Today the British Board of Film Classification (BBFC) issued its long-awaited consultation document in which it sets out its thoughts and proposals in relation to those parts of the Digital Economy Act, 2017 that require commercial pornography web sites to introduce age verification.
Readers will note that the final, formal, step whereby the BBFC became the legally designated regulator was not actually completed until 21st February so I think they have done remarkably well to get this ready and out in such a comparatively short space of time.
I’m guessing the BBFC will be acutely aware that forces who are still opposed to the measure will be looking for even the tiniest procedural slip up to allow them to jump in and disrupt, halt, discredit or delay the process. They lost the argument but they won’t have abandoned any hope of killing off the idea in some other way. We should not help them achieve that ambition. Better to be safe than sorry.
In fact there are two bits to the consultation. One addresses the overarching principles and the other looks at the position of ancillary service providers.
Comments on either or both are invited by 23rd April.
I won’t try to summarise the papers here because, having the read the documents, they appear to me to be clearly written and succinctly presented.
I would make just two obvious points: the BBFC’s main role in this area is narrow and limited. It is required to determine whether or not a website qualifies under the Act and, if it does, whether or not it has in place a solution that means children cannot ordinarily access its content. If, after notice, a site remains non-compliant certain things may follow.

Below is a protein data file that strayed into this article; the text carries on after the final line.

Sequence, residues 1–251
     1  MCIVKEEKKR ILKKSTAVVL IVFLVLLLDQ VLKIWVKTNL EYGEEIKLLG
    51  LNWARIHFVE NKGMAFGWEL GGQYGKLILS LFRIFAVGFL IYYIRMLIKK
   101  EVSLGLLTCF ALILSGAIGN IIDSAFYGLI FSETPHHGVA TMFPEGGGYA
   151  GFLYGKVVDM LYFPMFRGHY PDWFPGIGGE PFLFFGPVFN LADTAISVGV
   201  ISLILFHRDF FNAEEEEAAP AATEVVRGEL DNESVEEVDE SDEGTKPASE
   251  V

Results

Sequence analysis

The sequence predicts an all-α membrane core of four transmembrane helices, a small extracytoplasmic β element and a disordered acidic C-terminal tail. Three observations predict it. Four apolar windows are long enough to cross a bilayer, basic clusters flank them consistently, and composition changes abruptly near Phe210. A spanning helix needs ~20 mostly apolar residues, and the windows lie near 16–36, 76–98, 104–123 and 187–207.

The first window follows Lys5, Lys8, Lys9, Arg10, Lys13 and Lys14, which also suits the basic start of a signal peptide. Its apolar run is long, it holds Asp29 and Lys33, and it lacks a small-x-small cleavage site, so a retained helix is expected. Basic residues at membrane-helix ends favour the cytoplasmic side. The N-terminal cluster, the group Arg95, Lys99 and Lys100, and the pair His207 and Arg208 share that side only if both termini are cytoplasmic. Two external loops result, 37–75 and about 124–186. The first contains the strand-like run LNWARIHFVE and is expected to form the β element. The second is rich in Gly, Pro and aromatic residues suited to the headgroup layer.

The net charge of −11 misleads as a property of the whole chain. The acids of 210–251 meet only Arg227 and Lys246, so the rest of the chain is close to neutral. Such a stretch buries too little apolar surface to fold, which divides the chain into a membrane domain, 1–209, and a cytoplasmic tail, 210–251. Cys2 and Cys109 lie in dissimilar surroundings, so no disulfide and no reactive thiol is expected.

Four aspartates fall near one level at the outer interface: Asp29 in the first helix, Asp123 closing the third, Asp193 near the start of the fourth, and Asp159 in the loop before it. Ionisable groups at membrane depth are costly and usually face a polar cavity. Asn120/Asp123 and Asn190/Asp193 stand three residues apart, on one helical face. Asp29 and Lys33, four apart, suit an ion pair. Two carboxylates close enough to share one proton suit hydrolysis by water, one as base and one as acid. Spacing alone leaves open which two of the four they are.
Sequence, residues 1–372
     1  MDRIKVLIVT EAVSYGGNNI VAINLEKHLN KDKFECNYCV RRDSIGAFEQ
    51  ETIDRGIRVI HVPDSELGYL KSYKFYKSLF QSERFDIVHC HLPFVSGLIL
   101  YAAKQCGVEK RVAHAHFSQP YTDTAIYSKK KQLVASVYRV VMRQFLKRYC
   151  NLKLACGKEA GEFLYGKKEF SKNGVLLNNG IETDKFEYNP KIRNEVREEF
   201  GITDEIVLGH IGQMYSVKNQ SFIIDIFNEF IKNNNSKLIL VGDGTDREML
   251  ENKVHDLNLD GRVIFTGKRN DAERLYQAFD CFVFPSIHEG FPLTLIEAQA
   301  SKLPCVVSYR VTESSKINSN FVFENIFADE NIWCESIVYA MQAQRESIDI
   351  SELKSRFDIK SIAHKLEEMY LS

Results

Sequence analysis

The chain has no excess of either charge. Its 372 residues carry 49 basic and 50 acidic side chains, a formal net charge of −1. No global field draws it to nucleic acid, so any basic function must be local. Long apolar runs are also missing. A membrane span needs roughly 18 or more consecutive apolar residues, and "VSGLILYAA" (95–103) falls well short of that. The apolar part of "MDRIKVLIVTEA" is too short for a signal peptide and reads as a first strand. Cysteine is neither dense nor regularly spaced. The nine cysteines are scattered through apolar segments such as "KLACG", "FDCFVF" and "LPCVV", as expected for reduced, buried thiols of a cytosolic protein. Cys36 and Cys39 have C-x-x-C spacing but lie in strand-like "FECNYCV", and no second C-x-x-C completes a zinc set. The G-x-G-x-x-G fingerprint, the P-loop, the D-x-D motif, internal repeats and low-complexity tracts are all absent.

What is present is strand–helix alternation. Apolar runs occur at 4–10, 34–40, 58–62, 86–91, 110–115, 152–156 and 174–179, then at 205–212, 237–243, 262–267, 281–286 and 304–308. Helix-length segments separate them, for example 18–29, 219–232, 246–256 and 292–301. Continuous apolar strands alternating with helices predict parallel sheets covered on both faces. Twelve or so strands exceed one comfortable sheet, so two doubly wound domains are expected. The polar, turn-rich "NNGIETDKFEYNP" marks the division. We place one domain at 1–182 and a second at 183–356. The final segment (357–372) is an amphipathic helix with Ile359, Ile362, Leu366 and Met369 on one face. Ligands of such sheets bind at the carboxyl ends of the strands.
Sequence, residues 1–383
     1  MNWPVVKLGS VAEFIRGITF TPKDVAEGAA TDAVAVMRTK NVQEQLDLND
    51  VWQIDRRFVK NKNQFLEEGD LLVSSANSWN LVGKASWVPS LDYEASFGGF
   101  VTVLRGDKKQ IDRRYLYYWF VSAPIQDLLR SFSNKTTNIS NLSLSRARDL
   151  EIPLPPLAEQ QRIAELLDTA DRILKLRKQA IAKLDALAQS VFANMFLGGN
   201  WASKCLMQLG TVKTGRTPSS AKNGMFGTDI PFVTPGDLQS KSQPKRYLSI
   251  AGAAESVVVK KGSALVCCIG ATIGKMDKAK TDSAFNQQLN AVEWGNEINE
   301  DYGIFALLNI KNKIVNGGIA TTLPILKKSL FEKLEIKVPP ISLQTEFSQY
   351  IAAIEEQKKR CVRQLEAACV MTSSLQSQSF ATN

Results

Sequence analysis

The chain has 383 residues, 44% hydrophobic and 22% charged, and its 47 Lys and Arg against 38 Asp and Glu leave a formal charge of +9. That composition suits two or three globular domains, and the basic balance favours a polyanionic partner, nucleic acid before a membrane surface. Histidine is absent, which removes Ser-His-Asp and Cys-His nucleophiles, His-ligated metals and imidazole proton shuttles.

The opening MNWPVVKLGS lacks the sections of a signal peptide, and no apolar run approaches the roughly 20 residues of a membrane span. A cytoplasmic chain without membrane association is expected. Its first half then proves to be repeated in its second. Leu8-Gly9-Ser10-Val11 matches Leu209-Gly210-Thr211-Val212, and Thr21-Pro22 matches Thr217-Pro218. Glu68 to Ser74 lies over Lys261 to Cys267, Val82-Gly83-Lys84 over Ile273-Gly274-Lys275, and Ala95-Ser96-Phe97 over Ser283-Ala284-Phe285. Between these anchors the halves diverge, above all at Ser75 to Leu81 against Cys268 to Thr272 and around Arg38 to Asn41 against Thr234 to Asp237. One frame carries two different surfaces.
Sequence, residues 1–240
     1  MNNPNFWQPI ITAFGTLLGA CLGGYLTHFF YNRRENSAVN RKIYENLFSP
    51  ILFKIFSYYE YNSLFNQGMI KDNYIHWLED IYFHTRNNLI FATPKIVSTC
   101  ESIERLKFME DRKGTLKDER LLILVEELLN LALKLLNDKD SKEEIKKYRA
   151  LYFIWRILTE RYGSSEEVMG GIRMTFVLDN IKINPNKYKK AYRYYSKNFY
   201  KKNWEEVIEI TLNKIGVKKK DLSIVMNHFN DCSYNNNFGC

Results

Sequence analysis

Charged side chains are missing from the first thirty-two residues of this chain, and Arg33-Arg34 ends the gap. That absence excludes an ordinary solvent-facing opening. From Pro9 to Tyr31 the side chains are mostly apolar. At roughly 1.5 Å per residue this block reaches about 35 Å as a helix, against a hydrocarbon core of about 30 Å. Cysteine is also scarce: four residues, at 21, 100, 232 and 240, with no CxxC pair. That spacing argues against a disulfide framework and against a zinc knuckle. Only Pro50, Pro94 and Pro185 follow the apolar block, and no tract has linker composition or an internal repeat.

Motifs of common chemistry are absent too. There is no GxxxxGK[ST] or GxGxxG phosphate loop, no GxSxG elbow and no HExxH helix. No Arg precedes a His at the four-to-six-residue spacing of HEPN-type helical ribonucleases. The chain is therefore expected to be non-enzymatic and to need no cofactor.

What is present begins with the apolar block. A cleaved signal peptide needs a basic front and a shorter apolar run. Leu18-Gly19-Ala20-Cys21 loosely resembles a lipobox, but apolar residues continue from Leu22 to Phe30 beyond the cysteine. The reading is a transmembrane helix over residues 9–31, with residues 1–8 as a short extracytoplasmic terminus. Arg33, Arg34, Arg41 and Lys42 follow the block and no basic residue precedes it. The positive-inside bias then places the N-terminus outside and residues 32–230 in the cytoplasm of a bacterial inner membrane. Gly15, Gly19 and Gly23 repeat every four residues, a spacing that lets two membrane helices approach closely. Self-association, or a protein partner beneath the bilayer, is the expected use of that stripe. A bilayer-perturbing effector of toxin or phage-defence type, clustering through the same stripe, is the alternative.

However, the privacy dimension of any age verification solution is the primary responsibility of the UK’s data protection authority, otherwise known as the Information Commissioner’s Office.
Having said that, the BBFC does point out that there is a key privacy issue at play here and that is the principle of data minimization. In other words porn sites do not need to know your name, address, credit card number or indeed anything other than whether or not you have been reliably verified as being 18 or above.
If, as seems likely, some porn providers also offer an age verification service that is associated with a company they own or control, unless they also allow and accept alternative solutions they run the risk of attracting legal challenges on the ground of unfair commercial practices and they will also need to be able to show there is an impenetrable curtain separating the affairs of both enterprises.